Suitably, it’s been covered by billions, from amateur guitarists and dimestore folkies to Eric Clapton and Joan Baez. The Allman Brothers Band, Johnny Cash, and Bryan Ferry each cut versions of this song, as did the Waifs, the Seekers, Susan Tedeschi and Frankie Valli. Peter, Paul and Mary helped popularize it the year it was released. Ramblin’ Jack Elliott, who Dylan learned a trick or two from, performs a masterful version of this song, live and on record.

An interesting side note, via Wikipedia:

“On the first release of the song, instead of “So I’m walkin’ down that long, lonesome road babe, where I’m bound, I can’t tell” Dylan sings “So long, honey babe, where I’m bound, I can’t tell”. The lyrics were changed when Dylan performed live versions of the song and on cover versions recorded by other artists.”

“Don’t Think Twice” remains and enduring live favorite. Even at his croakiest, Dylan can still do this song justice, trading the original’s lithe finger-picking for lightning-fast strumming and weathered, off-beat vocalizations.

On the day he is laid down in his grave, surely somebody somewhere will be singing “Don’t Think Twice, It’s Alright.”


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  1. This is not a number four song. Great song, but not even close. Better than It’s Alright ma, Vision of Johanna, Hard Rain, DESOLATION ROW? No way. Maybe if i was in a particular mood.

    I knew a surprise was coming and this must have been it.

    Don’t get me wrong its brilliant but not a number four. This reinforces the ultimate dilemma that it is an impossible task to rank these songs in any kind of order.

  2. I’m not sosure it’s top 5, either….but it ain’t my list. Can’t really argue against it.

    Will say this: Joan Baez is a real b-word….and obsessed with Dylan.

  3. “This is not a number four song. Great song, but not even close.”

    I think the author is taking into account the overall cultural impact of these songs, the creative context, and the stories associated with them, not just looking at each one through a microscope.

  4. -Alan

    I would not put this at the top of the list of cultural impact songs from Dylan.

    Also I don’t think someone should have to know the “creative context and stories associated with them” in order to rate a song. Why do you think he rarley discusses what was behind most of his songs, because it doesn’t matter, it only matters what the listener thinks and interperts. If your going to rate them that way then ithe list should be a discussion for purley Dylanologists rather then general listerners.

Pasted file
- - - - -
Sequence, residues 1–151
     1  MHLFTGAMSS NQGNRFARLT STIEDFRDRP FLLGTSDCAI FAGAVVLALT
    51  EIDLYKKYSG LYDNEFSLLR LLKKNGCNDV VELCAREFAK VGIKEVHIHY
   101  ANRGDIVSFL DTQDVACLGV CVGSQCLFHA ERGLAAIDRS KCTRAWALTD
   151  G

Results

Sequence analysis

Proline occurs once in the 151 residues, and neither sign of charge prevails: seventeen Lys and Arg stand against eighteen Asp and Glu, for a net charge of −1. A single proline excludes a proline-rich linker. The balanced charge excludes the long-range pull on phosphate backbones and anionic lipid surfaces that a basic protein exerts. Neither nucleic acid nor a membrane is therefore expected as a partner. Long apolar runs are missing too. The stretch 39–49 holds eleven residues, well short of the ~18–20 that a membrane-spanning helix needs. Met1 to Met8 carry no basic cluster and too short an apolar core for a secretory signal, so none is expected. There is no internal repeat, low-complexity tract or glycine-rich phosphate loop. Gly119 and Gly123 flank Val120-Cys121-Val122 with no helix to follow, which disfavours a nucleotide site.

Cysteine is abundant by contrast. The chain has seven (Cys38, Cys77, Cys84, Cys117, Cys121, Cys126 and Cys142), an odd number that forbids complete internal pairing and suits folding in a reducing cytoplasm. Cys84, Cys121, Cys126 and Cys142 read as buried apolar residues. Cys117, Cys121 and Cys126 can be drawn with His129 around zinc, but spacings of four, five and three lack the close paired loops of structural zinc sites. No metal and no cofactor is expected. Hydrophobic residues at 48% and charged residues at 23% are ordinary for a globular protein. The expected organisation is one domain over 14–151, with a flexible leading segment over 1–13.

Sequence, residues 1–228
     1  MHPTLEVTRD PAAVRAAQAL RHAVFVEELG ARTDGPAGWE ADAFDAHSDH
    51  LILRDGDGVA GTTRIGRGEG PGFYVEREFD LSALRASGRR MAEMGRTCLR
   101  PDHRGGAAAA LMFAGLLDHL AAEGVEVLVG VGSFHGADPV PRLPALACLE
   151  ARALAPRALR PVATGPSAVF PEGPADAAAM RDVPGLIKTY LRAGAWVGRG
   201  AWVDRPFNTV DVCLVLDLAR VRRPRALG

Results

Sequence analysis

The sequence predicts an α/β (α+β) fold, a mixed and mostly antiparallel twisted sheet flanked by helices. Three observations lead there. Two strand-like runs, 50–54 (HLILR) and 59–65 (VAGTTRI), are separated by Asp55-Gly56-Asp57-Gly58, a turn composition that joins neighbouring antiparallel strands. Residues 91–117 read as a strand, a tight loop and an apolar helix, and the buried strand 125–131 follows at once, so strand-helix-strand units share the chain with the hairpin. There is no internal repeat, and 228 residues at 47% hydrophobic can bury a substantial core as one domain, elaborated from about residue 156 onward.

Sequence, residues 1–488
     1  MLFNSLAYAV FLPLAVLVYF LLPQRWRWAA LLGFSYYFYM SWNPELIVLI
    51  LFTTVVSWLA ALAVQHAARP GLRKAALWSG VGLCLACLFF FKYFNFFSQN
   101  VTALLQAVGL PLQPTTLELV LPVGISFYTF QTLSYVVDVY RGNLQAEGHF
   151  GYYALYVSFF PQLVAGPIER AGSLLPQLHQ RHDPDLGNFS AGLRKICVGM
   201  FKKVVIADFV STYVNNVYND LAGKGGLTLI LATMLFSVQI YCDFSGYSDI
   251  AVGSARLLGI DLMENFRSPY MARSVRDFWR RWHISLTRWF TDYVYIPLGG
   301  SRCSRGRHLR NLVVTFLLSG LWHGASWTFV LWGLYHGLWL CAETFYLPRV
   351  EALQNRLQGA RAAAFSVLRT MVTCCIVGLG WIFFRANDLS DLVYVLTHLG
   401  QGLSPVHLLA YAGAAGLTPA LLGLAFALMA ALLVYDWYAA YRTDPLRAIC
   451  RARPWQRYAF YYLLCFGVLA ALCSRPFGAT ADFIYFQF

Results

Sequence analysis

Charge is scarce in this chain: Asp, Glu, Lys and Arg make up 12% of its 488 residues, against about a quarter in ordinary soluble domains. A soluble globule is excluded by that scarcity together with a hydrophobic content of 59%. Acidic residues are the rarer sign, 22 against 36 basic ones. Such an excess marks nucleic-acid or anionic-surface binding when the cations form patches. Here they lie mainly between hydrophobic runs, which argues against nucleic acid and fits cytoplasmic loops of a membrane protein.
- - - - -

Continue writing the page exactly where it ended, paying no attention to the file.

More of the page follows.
So, I was just saying Its not number 4 on my list thats all. Still a great song.

  5. I prefer this to the other two songs you have listed in the top ten from this album. But, I think the album is overrated. Great tune, great vocal, and the lyrics are good-ish.

    I usually find myself comparing this to “It Ain’t Me, Babe,” and I VASTLY prefer “It Ain’t Me, Babe.” If you listed “It Ain’t Me, Babe” in your top anything, I wouldn’t have any qualms. It’d easily make my top 20–probably not quite my top 10.

    Good song, though.

  6. “Also I don’t think someone should have to know the “creative context and stories associated with them” in order to rate a song. Why do you think he rarley discusses what was behind most of his songs, because it doesn’t matter, it only matters what the listener thinks and interperts”

    I agree 100%.

  7. This has been a great series, thanks. Don’t agree with every selection, but a splendid job of sifting through gold for the …. what beats gold?? And now that there are only three spots left, I’m stumped as to how the laws of physics will permit inclusion of (in no particular order)…
    Blind Willie McTell
    Like a Rolling Stone
    Blowin’ in the Wind
    Shelter from the Storm
    Cold Irons Bound
    Series of Dreams
    All Along the Watchtower
    Up to Me
    Love Minus Zero/No Limit
    Gates of Eden
    Chimes of Freedom
    Stuck Inside of Mobile with the Memphis Blues Again
    Just Like Tom Thumb’s Blues
    I’m Not There

    Once again, great job.

  8. “I don’t think someone should have to know the ‘creative context and stories associated with them’ in order to rate a song.”

    I actually agree too, matter of fact I don’t think any artwork should be judged that way, necessarily. I was trying to explain this author’s reasons for his song placement.

  9. It may not be my #3 Dylan song, but I’m sure there are those out there that would list it #1.

    What it does have going for it in my opinion is the nice fingerpicking and it is one of Dylan’s best vocal performances.